I go through phases. Right now I’m reading lots of classic sci-fi novels like Arthur C Clarke, but also contemporary sci-fi books like The Atlantis Gene and Nomad. I always seem to have a writing book open, too. Right now it’s Immediate Fiction.

Have you felt like your reading improves or inspires your work?

100%. I love reading. After I finish writing a book, the first thing I want to do is read something good to recharge. Good books inspire me, and make me kind of jealous. Bad books teach me things.

Who’s your favorite author? Why?

Hard to say, I have so many… Stephen King, Norman Mailer, Ursula K Leguin, Patrick Rothfuss, John Scalzi, Orson Scott Card, Isaac Asimov, Brandon Sanderson, Franz Kafka… an incomplete list.

I don’t believe anyone has a single favorite author. Readers read LOTS of books.

Were you a reader growing up or more into other things?

Oh yeah. I devoured fantasy and scifi books growing up, too. No wonder I end up writing them. In college I got turned onto the classics, and philosophy. I even like literary books, sometimes. But SFF is in my blood.

How has content strategy (that order, planning, high-level amazeballs work that we do) changed or affected your approach to fiction writing?”

For those that don’t know this about me, in addition to being a science fiction author, I’m a freelance content strategist, which means I help tech startups tell their stories—write articles and documents and advertising copy for their businesses, and implement strategies that help grow their audience or customer base.

It’s made me more organized, that’s for sure. And more able to see the big picture. Small things add up over time, details matter, and data needs to be analyzed in different ways to glean new insights. Content strategy teaches you to test assumptions, to experiment, and that’s helped me in self-publishing.

Knowing all the web stuff, like WordPress and SEO, has certainly been a boon. Being tech savvy has made it a bit easier than it might have been to master all the tools necessary to produce professional quality ebooks and paperbacks.

On the other hand, publishing books is SUCH a different business than offering content strategy services to my clients as a freelancer. You’re dealing with intellectual property and retail sales instead of offering hourly or per-project services. It’s a very different business and I’ve had to change how I think. Four books in, I’ve had some success but I’m definitely still learning and trying something new every day.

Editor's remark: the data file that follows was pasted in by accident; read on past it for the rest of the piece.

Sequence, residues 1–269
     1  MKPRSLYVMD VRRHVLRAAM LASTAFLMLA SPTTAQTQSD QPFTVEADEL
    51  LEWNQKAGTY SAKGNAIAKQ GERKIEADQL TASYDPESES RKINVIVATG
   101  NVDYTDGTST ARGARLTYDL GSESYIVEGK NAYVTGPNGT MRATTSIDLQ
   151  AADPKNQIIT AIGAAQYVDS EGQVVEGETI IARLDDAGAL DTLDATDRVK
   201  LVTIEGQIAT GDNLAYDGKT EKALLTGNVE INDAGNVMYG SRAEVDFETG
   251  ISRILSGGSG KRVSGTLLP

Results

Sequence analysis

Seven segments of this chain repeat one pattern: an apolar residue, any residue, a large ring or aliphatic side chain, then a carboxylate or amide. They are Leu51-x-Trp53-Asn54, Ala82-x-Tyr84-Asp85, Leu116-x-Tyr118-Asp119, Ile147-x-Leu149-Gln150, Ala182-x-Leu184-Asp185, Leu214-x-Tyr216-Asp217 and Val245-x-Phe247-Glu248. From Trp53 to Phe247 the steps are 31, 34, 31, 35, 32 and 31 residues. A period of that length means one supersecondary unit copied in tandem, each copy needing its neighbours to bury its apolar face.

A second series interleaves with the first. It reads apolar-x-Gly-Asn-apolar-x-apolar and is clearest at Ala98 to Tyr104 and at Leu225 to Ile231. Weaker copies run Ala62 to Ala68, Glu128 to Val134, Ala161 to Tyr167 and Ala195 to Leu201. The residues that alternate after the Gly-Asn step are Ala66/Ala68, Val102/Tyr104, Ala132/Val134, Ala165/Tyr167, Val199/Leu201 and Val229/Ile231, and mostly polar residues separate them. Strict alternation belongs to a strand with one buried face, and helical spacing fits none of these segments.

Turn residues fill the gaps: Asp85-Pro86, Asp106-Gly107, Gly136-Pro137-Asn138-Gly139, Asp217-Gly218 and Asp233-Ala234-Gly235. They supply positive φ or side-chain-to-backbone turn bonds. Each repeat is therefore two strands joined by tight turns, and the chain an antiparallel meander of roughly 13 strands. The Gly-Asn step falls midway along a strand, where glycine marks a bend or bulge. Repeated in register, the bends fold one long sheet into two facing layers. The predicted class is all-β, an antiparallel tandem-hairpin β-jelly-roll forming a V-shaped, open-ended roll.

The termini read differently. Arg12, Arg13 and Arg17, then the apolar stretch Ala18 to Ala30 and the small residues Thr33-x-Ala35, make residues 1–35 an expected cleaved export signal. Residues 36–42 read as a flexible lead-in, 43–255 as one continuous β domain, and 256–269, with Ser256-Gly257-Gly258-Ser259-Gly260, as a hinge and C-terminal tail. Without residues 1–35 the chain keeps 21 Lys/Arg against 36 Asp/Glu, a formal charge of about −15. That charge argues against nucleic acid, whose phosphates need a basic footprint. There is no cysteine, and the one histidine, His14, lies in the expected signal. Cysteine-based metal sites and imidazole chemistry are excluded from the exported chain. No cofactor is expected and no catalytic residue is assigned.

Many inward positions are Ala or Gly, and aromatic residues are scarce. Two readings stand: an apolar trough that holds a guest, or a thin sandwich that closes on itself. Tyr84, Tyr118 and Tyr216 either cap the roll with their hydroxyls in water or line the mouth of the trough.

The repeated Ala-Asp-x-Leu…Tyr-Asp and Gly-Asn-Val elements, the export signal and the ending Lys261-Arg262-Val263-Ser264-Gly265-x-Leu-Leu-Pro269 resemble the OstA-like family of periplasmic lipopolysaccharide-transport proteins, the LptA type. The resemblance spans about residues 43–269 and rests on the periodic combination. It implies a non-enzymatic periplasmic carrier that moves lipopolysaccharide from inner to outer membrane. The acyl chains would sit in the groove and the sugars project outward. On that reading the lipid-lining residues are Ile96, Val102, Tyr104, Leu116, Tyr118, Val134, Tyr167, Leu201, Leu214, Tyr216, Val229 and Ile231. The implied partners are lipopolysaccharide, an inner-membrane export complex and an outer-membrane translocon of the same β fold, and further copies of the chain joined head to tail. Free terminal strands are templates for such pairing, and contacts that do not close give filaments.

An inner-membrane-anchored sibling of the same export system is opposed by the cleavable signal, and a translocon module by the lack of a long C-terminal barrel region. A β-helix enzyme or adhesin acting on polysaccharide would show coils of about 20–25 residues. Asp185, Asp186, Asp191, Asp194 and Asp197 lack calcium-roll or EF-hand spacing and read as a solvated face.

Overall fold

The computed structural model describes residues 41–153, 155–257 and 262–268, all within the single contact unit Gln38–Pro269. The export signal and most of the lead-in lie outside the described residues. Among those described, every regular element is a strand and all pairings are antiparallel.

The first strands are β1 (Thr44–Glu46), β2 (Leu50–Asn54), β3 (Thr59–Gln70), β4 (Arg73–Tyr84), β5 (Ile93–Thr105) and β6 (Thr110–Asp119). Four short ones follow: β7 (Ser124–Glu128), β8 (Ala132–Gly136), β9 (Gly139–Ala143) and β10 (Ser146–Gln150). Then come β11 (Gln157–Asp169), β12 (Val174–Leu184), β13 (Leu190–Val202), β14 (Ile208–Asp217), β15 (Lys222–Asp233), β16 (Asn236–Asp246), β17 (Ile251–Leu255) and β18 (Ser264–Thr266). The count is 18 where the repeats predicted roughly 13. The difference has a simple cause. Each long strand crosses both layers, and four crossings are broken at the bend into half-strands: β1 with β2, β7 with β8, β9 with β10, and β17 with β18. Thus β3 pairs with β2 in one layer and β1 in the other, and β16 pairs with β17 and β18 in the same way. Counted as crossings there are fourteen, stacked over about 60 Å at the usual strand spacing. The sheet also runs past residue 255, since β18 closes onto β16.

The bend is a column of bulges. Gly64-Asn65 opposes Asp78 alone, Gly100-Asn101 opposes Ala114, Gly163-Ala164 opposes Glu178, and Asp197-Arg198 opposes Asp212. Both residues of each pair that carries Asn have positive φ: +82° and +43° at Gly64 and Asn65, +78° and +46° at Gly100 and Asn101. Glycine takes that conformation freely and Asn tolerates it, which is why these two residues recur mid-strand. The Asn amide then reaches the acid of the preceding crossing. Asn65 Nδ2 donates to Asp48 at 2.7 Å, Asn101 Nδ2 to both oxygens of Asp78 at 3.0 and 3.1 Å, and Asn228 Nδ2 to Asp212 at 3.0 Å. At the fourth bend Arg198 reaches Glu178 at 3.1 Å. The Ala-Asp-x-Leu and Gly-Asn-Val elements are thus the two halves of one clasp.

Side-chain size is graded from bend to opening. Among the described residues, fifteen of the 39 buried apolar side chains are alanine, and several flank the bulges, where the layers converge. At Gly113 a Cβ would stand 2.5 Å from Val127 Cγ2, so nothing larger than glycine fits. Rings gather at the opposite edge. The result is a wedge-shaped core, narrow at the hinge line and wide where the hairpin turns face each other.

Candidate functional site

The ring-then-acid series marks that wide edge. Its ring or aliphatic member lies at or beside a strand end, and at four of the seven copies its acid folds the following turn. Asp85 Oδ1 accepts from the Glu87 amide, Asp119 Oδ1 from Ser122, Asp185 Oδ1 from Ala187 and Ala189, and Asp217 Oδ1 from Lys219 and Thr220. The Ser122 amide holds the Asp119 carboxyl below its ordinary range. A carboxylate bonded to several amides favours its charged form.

AMA Q2: How do you stay fit as a sedentary author?

(As a reminder, this is a question I received in my first blog-style Ask Me Anything.)

Kate Baray asks, “Since I know you irl, I know you’re a fit guy even though you type at a computer all day. As a very sedentary author, I’d love to hear your tips on dealing with the special physical challenges writers deal with.”

I’ve gone through my own struggles over the years with fitness. When I was 16 a sports-related injury began to cause me chronic pain in my lumbar spine. I already knew I had scoliosis, but this particular injury has flared up and been exacerbated over the years by desk jobs and the sedentary lifestyle this causes.

It’s only recently that I managed to get my pain under control, and even now, every day is a constant battle to make sure I exercise enough, stay limber, and take care of myself in a way that prevents the pain from recurring or the injury from flaring up again.

After twelve years dealing with this chronic injury, and roughly seven years of various types of desk jobs, I’ve got two pieces of advice.

1. Learn to listen to your body

I’ve found that I can predict when a bad spell is coming on if I listen to my body. If I work too long at my desk, or lift something heavy with bad posture, or overdo it at the gym, I can tell. Learn from these mistakes, and make sure you don’t do anything to make things worse.

If you notice after three hours, you start to get sore, go outside and walk around the block before coming back to your desk.

2. Develop your toolkit

When I don’t listen to my body and I overdo it, causing the chronic pain to flare up again, I fall back on my toolkit.


You don’t need to go to the gym to exercise. I use a Fitbit to track my steps and try to walk 10,000 steps a day. I find that’s usually enough to keep me moving and free of pain. My back never hurts from sitting too much if I’ve also walked my 10k steps that day.

Just like your writing muscle, your body is built to move. Let it.